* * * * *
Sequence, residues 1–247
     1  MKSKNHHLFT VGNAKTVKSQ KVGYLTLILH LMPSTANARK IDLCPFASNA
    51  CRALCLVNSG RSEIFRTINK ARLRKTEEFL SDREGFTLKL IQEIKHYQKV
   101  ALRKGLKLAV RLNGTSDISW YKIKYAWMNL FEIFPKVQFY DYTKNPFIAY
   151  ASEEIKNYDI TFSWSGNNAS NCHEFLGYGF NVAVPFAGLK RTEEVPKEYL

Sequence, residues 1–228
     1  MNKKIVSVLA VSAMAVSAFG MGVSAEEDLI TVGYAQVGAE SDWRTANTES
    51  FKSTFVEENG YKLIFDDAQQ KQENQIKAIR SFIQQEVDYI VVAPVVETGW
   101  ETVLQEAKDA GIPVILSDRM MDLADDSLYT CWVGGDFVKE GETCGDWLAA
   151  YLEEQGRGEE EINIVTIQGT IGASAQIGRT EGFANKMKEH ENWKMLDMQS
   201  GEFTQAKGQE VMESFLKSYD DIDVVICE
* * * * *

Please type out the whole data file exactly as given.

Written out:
Sequence, residues 1–247
     1  MKSKNHHLFT VGNAKTVKSQ KVGYLTLILH LMPSTANARK IDLCPFASNA
    51  CRALCLVNSG RSEIFRTINK ARLRKTEEFL SDREGFTLKL IQEIKHYQKV
   101  ALRKGLKLAV RLNGTSDISW YKIKYAWMNL FEIFPKVQFY DYTKNPFIAY
   151  ASEEIKNYDI TFSWSGNNAS NCHEFLGYGF NVAVPFAGLK RTEEVPKEYL

Sequence, residues 1–228
     1  MNKKIVSVLA VSAMAVSAFG MGVSAEEDLI TVGYAQVGAE SDWRTANTES
    51  FKSTFVEENG YKLIFDDAQQ KQENQIKAIR SFIQQEVDYI VVAPVVETGW
   101  ETVLQEAKDA GIPVILSDRM MDLADDSLYT CWVGGDFVKE GETCGDWLAA
   151  YLEEQGRGEE EINIVTIQGT IGASAQIGRT EGFANKMKEH ENWKMLDMQS
   201  GEFTQAKGQE VMESFLKSYD DIDVVICE